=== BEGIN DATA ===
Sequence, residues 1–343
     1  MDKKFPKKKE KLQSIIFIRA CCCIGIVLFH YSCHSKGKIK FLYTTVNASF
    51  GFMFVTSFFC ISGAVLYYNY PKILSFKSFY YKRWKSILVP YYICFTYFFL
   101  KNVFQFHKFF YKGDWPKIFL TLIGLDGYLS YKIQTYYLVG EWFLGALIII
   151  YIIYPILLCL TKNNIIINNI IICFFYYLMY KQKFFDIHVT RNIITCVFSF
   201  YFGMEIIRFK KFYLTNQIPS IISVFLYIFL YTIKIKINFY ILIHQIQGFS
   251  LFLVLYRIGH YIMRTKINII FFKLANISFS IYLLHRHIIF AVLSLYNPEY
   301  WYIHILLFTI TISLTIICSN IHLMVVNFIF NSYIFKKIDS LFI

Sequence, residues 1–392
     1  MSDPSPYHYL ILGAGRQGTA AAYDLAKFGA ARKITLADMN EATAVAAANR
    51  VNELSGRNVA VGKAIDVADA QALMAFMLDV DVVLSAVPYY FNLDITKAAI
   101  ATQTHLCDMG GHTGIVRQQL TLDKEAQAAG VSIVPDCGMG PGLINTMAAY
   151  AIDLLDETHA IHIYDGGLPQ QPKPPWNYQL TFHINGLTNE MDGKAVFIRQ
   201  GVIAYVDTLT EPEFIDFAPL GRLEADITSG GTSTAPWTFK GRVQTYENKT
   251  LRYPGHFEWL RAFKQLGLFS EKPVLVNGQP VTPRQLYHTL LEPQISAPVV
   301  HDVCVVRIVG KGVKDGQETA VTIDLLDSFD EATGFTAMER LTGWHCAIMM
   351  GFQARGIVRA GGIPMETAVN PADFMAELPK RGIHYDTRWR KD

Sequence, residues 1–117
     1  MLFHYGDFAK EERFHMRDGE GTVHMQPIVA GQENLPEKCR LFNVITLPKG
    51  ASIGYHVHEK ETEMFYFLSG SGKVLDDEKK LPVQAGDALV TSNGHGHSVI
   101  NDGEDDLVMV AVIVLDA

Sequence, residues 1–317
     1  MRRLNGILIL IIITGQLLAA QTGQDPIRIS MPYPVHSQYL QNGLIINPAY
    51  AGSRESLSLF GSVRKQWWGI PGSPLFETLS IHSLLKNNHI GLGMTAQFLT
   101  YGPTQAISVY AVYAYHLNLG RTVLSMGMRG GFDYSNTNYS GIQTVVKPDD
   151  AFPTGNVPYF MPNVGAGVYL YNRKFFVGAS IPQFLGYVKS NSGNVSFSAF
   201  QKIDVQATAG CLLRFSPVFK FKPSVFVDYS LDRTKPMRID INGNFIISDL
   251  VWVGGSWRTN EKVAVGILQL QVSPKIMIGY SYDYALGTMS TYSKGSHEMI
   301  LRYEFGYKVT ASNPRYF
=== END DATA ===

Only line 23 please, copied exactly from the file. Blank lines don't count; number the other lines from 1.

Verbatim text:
     1  MRRLNGILIL IIITGQLLAA QTGQDPIRIS MPYPVHSQYL QNGLIINPAY